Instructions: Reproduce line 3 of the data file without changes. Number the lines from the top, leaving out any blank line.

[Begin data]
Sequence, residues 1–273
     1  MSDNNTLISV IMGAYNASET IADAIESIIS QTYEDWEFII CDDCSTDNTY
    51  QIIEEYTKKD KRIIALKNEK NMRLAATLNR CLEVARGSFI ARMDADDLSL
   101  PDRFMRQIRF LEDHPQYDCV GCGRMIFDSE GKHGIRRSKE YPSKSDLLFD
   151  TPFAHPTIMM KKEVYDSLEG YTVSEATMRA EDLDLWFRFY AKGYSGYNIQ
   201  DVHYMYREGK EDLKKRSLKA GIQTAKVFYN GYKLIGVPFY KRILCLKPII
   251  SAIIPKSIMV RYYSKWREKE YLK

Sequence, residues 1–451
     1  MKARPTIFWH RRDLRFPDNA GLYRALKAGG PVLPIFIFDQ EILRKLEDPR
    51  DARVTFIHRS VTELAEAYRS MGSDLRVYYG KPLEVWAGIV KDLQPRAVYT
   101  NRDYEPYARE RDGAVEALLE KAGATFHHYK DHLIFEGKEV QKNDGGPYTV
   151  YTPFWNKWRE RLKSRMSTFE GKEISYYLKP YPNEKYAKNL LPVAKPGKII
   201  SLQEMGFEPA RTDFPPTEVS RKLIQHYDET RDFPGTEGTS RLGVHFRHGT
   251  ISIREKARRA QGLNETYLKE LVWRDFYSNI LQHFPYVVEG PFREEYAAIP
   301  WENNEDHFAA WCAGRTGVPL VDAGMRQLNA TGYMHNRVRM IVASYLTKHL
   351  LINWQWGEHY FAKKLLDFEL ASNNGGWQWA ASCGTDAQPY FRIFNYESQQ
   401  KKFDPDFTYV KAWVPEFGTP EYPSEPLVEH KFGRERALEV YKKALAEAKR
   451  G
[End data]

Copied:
    51  QIIEEYTKKD KRIIALKNEK NMRLAATLNR CLEVARGSFI ARMDADDLSL